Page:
Each planet in our solar system is unique, but they all have a few things in common, too. For example, every planet has a north and a south pole. These points are in the center of the planet at its ends.
A planet's axis is an imaginary line that runs through the center of the planet and connects the north and south poles. The imaginary line that runs around the planet at its middle (like your waist) is called its equator. While every planet rotates on its axis, some planets rotate quickly and some rotate slowly. The time that it takes for a planet to rotate once on its axis is its rotation period.
As each planet in our solar system rotates on its axis, it also revolves around the sun. The time that it takes for a planet to make a complete revolution around the sun is the planet's year. The path that the planet follows around the sun is called its orbit.
The main asteroid belt between Mars and Jupiter also divides our solar system into the inner and outer solar system. Here's a bit about each of the eight planets, in order of their distance from the sun.
The inner solar system consists of four rocky planets: Mercury, Venus, Earth and Mars, located closest to the Sun. These inner planets have solid surfaces, sloped terrains and potential for secondary atmospheres.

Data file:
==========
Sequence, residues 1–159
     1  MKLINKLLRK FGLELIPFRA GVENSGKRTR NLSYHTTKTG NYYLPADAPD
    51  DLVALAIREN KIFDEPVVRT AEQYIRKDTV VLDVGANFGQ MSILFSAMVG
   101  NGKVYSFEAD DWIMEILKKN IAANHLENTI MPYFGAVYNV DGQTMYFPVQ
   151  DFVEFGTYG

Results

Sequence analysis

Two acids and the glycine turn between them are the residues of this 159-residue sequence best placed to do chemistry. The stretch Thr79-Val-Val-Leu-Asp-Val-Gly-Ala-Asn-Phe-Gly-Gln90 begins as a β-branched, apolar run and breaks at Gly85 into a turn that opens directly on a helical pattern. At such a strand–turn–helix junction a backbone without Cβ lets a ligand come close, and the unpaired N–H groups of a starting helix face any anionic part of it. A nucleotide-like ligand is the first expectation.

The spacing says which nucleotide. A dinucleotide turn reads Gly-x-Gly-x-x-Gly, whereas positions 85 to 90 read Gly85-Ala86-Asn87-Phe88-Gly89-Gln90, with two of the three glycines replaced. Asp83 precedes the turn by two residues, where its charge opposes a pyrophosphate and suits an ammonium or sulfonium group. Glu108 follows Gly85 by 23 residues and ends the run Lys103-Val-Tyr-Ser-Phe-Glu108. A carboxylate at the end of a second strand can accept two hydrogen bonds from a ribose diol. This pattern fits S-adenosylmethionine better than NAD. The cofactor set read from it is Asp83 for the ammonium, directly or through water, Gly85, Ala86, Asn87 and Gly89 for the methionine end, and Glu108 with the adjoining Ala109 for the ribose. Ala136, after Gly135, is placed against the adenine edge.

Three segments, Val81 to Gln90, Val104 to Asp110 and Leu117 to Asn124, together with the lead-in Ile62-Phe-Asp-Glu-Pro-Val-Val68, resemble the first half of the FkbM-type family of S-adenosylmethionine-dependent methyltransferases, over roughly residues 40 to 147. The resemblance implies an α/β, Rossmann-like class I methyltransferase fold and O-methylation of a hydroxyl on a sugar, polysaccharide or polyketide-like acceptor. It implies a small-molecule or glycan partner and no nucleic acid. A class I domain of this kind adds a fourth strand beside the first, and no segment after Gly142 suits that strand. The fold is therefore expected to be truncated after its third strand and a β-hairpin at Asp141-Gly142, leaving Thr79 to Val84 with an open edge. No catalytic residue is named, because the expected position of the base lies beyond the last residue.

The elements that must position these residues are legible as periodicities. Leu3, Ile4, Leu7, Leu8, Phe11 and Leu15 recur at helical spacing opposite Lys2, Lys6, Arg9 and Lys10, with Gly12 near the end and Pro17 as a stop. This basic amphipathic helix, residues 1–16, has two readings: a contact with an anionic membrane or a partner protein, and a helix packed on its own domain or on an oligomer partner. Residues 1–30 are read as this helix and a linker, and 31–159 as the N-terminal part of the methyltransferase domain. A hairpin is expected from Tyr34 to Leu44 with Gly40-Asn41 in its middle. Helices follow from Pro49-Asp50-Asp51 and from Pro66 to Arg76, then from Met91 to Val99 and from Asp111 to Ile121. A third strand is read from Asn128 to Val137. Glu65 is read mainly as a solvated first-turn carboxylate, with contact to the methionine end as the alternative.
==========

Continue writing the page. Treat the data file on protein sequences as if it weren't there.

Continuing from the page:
- Mercury, the smallest planet, orbits closest to the Sun.
- Venus has a thick, toxic atmosphere, making it the hottest planet.
- Earth is the only known habitable planet with a breathable atmosphere, liquid water and a protective magnetic field.
- Mars has a thin atmosphere and a desolate landscape.
Jupiter, Saturn, Uranus and Neptune are the four giant planets known as Jovian planets, all consisting mainly of hydrogen and helium. These outer planets have rings, thick atmospheres and numerous moons. The gas giants (Jupiter and Saturn) have no solid surfaces and are larger than terrestrial planets like Earth. Uranus and Neptune, on the other hand, are classified as ice giants.
- Jupiter, named for the Roman god, is the largest planet in our solar system.
- Saturn is best known for its prominent ring system, but it also boasts more moons than all the other planets have combined.
- Uranus is the only planet in our solar system that's so tilted, its equator is nearly at a right angle to its orbit.
- Neptune is the only one of the eight major planets that you can't see in the night sky without a telescope.
Thanks to Hubble Space Telescope data, we know gas giants are not exclusive to our solar system; certain exoplanets outside our system also exhibit similar characteristics.